What are reprogrammable car ECUs?
An electronic control unit (ECU) is comprised of many different computer parts soldered onto a circuit board to make up a complete ECU. The ECU uses different kinds of memory on its computer board. These memory chips are used for different reasons and work in different ways. Some computer chips are designed to be reprogrammable and others are not. Some memory chips will keep their memory as long as power is supplied to them and others will keep their memory even if power is removed or lost.
The memory in a car’s computer ECU that holds the programming to control the running of your engine is called EEPROM or electrically erasable programmable read only memory. This memory can be programmed and reprogrammed electrically to be able to upgrade or change the programming that controls the engine functions. The chip is most commonly used for a vehicle's calibration file to operate the engine within specifications of the manufacturer. It is a non volatile chip meaning it will keep its memory even if power is lost. The chip can be reprogrammed to change the calibration if changes are needed.
Another computer chip called ROM, or read only memory, can only be programmed once. It cannot be reprogrammed once it is programmed. This memory is used to perform basic computer operating functions only and will not be changed even if power is removed the same as the EEPROM. The ROM will store basic memory functions to operate the onboard diagnostics and other basic functions that do not need reprogramming. https://www.yourmechanic.com/services/service-light-is-on-inspection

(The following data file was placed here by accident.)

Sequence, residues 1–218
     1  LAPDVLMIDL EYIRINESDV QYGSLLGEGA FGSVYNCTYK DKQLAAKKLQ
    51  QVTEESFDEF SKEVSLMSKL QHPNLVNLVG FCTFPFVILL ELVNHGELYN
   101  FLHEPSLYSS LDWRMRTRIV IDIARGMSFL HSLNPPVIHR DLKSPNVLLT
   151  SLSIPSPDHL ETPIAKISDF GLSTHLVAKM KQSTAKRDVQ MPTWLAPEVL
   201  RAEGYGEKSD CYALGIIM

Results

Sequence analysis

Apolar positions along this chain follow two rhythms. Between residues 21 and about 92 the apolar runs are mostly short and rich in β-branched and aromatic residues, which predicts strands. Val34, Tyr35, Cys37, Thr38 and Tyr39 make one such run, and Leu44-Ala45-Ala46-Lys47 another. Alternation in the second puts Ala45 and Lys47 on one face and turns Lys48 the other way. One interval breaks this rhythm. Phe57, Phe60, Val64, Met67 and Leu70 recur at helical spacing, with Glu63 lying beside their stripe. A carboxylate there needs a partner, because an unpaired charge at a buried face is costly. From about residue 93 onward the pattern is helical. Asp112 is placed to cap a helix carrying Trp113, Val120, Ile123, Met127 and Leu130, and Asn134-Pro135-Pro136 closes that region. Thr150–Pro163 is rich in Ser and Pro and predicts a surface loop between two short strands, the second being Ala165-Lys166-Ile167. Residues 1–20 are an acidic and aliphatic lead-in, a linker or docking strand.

The reprogrammability of the ECU memory has been around for over 15 years in vehicles and is used extensively in different modules and ECUs throughout the vehicle. This memory is used in transmission, ABS, body, engine, suspension, AC, ride control and other ECU modules of today’s vehicles. This memory is very reliable and rarely fails. If the program put on it is bad or needs updating, then it can be electronically erased and the new program installed. Once it is installed, the new program can be used as needed. If the chip itself has internal failures, the ROM can detect this since it checks the EPROM every time you turn on your key. If errors are found, then a code is set into the computer storage memory chip or another EEPROM.
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